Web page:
Thursday, December 22, 2005

The Official AA rules for the Platinum Challenge

The following are the rules related to my last post on Gold and Platinum challenges. On a little side note, I think AA should be commended on the friendly language in the email. It's great:


**** CALL 800-421-0600 OR SEND US EMAIL VIA AA.COM ****

Thanks for speaking with me about your AAdvantage account. We have put you on a Challenge for AAdvantage Platinum membership. Congratulations - and Good Luck!

Here are some helpful tips:

* Remember that Challenges are based on points, not miles, and your goal is 10,000 points in the three-month period we discussed. If you're not sure how you earn points, read on. (That's why you wanted this email, right?)
* Use American Airlines (of course!) and other elite-qualifying carriers to maximize your earnings. These elite carriers are Aer Lingus, British Airways, Cathay Pacific, Finnair, Iberia, LAN, Qantas and Alaska Airlines (and their eligible affiliates). When you earn miles on AA or on these carriers, you also earn points. Only points count toward your Challenge. (But remember that there are some fares on these carriers that are not eligible to earn miles or points. You can easily check out these rules on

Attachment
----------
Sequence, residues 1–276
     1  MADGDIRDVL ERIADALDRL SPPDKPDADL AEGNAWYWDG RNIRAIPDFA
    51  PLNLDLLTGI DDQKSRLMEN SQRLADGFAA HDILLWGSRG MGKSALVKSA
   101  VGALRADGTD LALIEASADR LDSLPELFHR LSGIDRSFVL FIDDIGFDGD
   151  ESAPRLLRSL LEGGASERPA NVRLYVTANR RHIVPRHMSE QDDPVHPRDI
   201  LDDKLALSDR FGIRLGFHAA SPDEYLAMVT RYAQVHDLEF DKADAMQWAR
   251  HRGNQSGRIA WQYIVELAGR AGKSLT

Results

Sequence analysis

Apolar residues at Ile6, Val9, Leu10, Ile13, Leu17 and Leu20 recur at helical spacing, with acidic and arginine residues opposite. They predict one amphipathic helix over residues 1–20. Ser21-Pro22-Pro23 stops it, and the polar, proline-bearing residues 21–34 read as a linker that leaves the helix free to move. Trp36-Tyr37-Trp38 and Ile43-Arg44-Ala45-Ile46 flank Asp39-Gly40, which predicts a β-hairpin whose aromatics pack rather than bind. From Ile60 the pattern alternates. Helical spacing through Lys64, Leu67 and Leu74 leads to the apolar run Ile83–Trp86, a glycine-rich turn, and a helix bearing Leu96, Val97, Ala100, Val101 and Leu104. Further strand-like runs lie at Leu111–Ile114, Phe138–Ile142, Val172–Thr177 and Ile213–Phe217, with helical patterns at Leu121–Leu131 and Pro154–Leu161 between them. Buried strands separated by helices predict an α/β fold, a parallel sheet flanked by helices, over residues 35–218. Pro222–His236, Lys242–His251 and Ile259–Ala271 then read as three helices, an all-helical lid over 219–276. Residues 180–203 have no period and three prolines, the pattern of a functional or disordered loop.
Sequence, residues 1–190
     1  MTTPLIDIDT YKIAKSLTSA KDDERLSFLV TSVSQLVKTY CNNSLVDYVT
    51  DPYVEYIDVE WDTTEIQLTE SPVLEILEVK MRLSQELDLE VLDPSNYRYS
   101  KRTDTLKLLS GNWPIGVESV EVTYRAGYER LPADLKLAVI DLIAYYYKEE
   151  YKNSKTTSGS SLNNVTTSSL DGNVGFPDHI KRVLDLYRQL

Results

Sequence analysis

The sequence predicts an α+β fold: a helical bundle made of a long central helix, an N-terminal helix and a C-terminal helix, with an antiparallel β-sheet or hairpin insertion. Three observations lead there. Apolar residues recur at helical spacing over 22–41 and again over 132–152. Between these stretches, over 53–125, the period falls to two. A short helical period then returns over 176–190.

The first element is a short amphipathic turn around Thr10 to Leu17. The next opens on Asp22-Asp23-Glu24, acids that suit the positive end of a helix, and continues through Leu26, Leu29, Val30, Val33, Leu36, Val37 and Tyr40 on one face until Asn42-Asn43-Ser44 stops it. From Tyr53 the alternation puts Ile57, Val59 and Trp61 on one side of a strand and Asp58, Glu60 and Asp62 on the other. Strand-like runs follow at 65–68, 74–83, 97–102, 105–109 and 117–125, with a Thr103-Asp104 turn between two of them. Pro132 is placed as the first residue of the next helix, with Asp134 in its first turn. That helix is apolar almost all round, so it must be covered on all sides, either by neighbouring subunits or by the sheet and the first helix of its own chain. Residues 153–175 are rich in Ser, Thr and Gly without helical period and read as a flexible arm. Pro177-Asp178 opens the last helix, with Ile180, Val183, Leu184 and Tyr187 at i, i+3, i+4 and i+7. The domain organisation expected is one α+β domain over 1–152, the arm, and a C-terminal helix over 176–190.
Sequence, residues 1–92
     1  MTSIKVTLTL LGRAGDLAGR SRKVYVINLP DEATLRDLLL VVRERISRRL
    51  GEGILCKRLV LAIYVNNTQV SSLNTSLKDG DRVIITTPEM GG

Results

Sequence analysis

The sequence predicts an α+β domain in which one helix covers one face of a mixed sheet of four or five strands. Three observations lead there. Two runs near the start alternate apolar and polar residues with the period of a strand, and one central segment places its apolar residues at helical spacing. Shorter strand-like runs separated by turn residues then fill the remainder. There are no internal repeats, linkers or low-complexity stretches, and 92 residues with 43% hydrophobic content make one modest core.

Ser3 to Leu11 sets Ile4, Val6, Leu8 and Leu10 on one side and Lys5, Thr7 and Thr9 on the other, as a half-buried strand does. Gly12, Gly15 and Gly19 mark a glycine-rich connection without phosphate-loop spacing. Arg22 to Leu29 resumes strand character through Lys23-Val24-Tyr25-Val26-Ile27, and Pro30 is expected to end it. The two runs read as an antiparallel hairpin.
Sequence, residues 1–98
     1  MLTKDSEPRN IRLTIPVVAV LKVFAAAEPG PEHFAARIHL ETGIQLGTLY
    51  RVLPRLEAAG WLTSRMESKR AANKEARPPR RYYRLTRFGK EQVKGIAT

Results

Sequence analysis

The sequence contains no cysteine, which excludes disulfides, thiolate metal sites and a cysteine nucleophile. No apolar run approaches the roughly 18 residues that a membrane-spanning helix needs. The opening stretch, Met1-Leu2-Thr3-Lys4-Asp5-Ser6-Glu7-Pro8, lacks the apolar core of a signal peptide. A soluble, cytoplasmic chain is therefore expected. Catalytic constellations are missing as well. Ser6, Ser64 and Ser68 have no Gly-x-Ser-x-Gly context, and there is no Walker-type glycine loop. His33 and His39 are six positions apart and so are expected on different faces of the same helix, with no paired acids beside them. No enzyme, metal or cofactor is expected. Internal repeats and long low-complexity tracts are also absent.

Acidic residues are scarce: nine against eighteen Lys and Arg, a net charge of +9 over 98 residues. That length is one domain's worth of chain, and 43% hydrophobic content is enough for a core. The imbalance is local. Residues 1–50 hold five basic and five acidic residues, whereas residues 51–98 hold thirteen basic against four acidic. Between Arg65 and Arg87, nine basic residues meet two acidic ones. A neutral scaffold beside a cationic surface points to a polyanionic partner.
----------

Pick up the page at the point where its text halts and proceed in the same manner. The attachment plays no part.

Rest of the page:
# aa.com/aadvantage when you select 'Partners and Mileage Programs' and then navigate to the particular airline.)Select fares with high point values. If, for example, you use Deep Discount Fares, get ready to fly 20,000 miles because those fares earn points at half the rate of miles. But if you buy Discount Fares, the rate is one point per mile and you can meet your Challenge by flying 10,000 elite-qualifying miles. And if you select premium fares, you earn 1.5 points per mile and can meet the Challenge by flying just - OK, you do the math!
# Know the point values you'll earn for the booking codes you select. Yes it may look like alphabet soup, but there's a point to these codes. In fact, there's anywhere from .5 - 1.5 points!
# Earn 1.5 points per mile when the purchased fare on your American Airlines ticket begins with one of these booking codes: A F P D I J B Y
# Earn 1.0 point per mile for these AA booking codes: H K L M V W
# Earn .5 points per mile for these AA booking codes: G N O* Q** S (sorry, you knew there had to be an asterisk somewhere)
# Equivalent booking codes for the other elite-qualifying carriers are included on the various airline pages on AA.com
# How can you determine what booking code is used for the fare you're purchasing? Simply ask the booking agent, whether that's your travel agent, corporate travel planner or AA Reservations representative. Or, even better, when you book your flights on AA.com, the Flight Summary screen displays the booking code in the same column as the cabin booked